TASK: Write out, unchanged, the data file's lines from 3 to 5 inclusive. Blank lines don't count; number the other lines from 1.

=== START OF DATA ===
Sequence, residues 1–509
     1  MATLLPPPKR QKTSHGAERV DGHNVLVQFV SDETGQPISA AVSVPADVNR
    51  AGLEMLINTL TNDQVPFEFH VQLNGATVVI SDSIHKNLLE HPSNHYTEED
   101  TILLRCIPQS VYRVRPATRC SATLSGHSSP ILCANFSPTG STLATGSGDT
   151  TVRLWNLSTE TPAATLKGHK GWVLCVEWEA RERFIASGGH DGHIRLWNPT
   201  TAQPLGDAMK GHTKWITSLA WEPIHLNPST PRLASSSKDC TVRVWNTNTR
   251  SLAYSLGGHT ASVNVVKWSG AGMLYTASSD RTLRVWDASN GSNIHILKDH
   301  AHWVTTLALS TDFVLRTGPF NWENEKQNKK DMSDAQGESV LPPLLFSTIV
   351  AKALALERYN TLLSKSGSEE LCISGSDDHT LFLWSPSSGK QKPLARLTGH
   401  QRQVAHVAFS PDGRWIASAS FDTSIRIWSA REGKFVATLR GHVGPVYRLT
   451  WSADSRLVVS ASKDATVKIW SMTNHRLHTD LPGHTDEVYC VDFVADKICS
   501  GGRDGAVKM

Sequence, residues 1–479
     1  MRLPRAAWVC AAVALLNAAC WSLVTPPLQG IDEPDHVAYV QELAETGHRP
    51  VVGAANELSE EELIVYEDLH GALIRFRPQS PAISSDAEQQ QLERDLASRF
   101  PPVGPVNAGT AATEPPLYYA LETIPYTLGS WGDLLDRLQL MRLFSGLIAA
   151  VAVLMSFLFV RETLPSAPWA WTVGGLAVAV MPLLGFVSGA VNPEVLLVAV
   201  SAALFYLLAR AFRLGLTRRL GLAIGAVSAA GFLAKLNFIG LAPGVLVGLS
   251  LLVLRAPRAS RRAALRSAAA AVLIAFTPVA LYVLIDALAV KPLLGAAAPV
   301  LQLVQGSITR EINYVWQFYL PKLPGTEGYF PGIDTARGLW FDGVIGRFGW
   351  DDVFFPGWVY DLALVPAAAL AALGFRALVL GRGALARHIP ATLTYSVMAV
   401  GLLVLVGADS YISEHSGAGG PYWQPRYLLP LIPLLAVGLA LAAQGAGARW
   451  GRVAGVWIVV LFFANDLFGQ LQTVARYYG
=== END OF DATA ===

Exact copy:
    51  AGLEMLINTL TNDQVPFEFH VQLNGATVVI SDSIHKNLLE HPSNHYTEED
   101  TILLRCIPQS VYRVRPATRC SATLSGHSSP ILCANFSPTG STLATGSGDT
   151  TVRLWNLSTE TPAATLKGHK GWVLCVEWEA RERFIASGGH DGHIRLWNPT